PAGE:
Nowadays, Michalina is raising two kids, running a freelance consultancy and has a full-time job as a product manager at Spiber Biomaterial – all powered by the stamina and resilience gained from motherhood.
I’m still having my own company and doing some small projects. On the side I’m working fifty percent for a biotech company and fifty percent on maternity leave. As I said, don’t give up! Try it! And see if it’s for you and if you don’t like it, try something else and try from a different angle – try to find your balance and what suits you the most.
Dr. MichalinaLewicka-Yammine, mother, freelancer and product manager at Spiber Biomaterial.
Anne Schreiter advocates for researchers and scientists. At the German Scholars Organization she and her team offer guidance and programs to help PhDs on their career path – in academia and beyond. In this episode Anne talks about why she believes in planned coincidences and what question turned out to be the tipping point for her career.
Anne holds a PhD in Organization Studies and Cultural Theory from the University of St. Gallen, Switzerland, and spent a year as a postdoctoral researcher at the University of California Berkeley. She studied Communication in Social and Business Contexts and Sociology in Berlin before embarking on a year long adventure in China.
Today she lives and works in Berlin again.
You can connect with Anne on LinkedIn and Twitter. She shares posts on science policy, leadership topics, and occasionally also on the odd and curious.
Whether you want to become a professor or do something else, it helps to make yourself visible and heard. And after a while you won’t have to chase opportunities, but instead they will present themselves to you.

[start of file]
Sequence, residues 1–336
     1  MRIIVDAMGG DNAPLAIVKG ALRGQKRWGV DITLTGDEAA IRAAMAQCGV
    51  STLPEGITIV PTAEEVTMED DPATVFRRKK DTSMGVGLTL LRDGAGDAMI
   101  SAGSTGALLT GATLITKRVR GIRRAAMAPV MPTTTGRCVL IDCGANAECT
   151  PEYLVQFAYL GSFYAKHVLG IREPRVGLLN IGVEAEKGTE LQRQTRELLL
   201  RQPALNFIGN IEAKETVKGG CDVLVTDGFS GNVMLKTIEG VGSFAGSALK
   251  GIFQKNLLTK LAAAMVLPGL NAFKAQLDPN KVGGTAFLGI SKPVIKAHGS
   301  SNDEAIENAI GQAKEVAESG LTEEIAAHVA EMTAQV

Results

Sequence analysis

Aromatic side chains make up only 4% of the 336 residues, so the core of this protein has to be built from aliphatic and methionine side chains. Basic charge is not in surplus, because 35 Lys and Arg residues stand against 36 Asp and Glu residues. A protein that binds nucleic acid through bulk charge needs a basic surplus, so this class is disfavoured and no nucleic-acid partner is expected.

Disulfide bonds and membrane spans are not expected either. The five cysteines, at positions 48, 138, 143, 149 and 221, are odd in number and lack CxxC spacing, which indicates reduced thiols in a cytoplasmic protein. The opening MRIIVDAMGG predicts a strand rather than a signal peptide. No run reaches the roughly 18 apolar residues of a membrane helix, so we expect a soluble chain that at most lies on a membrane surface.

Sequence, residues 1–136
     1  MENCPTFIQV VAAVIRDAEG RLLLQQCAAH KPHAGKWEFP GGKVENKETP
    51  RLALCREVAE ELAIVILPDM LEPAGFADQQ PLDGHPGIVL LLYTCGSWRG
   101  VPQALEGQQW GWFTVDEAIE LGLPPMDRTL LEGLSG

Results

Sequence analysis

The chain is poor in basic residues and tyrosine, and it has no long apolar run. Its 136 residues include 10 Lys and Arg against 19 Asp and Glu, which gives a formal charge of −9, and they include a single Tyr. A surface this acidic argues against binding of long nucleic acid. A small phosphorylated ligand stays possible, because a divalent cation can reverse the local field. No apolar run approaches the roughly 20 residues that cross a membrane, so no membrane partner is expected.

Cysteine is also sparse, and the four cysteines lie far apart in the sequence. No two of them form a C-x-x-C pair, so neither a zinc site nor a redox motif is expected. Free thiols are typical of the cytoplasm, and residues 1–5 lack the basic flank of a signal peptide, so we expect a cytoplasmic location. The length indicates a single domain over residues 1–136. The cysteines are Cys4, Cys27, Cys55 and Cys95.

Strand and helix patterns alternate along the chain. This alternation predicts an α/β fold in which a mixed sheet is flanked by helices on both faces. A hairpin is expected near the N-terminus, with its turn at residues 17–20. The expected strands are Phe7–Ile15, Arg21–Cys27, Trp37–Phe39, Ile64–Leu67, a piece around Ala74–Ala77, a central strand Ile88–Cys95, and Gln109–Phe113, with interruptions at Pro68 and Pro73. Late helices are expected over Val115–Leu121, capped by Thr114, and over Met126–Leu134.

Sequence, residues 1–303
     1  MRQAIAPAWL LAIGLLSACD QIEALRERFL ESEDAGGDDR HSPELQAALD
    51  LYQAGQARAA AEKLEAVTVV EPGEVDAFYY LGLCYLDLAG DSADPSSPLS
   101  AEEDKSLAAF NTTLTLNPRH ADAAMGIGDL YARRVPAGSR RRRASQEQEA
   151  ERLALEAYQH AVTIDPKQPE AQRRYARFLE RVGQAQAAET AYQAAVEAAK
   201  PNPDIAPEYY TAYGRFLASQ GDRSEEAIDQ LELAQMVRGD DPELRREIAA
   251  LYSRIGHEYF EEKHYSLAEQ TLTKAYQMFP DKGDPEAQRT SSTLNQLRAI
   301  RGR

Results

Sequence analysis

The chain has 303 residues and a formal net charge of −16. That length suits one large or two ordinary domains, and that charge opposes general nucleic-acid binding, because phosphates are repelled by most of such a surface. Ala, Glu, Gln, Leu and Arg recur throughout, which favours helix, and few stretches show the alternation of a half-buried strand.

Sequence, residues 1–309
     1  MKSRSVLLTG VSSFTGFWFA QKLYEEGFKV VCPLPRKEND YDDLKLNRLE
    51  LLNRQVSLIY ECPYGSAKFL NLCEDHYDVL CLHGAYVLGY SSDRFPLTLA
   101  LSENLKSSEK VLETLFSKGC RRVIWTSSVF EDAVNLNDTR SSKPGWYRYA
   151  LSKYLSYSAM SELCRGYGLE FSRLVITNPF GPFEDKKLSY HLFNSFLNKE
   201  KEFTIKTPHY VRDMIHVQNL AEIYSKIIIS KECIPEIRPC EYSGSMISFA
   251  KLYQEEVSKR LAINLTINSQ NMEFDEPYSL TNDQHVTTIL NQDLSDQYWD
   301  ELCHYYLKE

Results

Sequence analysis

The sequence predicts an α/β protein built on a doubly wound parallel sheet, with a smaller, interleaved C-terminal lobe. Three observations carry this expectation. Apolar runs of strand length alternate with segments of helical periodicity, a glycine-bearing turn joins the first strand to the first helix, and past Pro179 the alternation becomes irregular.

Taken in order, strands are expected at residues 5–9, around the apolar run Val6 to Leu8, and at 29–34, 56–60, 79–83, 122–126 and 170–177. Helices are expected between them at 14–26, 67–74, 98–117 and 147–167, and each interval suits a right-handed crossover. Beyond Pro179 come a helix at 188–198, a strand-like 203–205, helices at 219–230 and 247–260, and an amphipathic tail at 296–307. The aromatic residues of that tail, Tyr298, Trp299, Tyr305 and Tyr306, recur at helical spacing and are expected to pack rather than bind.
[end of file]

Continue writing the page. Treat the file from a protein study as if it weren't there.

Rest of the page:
Dr. Anne Schreiter, Executive Director at German Scholars Organization e.V.
Dr. Déborah Rupert was born and raised in France where she did her undergraduate studies in physics. Her passion for blending physics and biology brought her to Sweden where she did her PhD in Biological Physics. During her PhD, she reached very close to burnout and informed her supervisor she wanted to quit science. After few months of recovery, she started the PhD again with a very different mindset and a wish to use her personal story to prevent other scientists from burning out.
Déborah decided to become a professional coach and designed a career switch strategy where she worked 80% as an application scientist in a tech company while training herself as a coach. Today, Deborah is a professional coach certified by the international coaching federation, ICF. She supports science innovators with knowledge and tools designed to take care of their mind and protect them from burnout. She is an active member of the international coaching federation where she acts as a coordinator of the west Sweden chapter and is part of the Swedish ICF research forum.
So this is my mission now, I’m trying to convey this message of personal self-care within academia, which is a closed bubble world where burnout is still a taboo and seen as a sign of academic failure. We have to learn to see beyond the cliché of the non-stop working and stressed researcher and realize that creativity arises from a place of peace of mind.
Dr. Deborah Rupert, Coach for Mindfulness in Research